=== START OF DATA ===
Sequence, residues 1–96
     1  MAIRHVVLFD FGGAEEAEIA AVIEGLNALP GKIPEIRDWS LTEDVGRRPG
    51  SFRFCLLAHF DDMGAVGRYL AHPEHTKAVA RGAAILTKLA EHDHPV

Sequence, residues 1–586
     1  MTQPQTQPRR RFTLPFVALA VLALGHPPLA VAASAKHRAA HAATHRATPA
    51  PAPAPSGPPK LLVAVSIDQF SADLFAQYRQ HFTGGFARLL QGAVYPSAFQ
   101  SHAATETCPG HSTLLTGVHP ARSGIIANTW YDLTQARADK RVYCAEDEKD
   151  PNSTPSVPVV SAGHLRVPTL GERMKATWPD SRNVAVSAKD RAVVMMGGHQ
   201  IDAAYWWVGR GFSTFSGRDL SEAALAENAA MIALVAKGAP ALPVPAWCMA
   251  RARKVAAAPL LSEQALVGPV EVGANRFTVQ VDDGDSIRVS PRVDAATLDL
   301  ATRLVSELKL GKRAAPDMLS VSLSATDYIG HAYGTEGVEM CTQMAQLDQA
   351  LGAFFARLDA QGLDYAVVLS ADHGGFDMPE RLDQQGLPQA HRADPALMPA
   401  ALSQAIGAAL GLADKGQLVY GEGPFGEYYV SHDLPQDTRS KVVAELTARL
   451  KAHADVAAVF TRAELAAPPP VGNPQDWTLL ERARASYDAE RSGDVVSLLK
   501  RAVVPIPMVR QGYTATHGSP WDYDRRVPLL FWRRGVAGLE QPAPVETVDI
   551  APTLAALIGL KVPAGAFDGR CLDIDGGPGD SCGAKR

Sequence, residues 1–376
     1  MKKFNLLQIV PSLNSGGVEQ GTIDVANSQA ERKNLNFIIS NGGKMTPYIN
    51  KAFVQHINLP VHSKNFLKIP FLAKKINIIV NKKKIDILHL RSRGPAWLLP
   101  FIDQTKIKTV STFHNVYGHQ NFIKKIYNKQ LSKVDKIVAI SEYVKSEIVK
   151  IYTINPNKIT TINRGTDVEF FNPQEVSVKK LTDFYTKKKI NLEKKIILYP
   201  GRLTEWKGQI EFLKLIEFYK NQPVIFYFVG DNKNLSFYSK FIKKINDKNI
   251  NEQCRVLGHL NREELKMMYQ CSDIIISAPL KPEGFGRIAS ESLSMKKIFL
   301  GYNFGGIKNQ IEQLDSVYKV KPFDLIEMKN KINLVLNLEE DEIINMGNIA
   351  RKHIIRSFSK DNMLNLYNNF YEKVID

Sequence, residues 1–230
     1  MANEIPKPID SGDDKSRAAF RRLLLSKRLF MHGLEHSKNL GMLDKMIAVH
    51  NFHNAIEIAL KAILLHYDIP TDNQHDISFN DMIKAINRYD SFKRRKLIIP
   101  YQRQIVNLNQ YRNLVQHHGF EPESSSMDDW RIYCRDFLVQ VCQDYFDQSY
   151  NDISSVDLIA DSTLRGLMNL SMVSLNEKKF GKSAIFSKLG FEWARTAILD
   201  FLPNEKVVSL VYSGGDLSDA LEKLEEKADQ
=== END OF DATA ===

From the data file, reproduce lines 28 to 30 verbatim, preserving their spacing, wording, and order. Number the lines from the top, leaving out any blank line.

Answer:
    51  NFHNAIEIAL KAILLHYDIP TDNQHDISFN DMIKAINRYD SFKRRKLIIP
   101  YQRQIVNLNQ YRNLVQHHGF EPESSSMDDW RIYCRDFLVQ VCQDYFDQSY
   151  NDISSVDLIA DSTLRGLMNL SMVSLNEKKF GKSAIFSKLG FEWARTAILD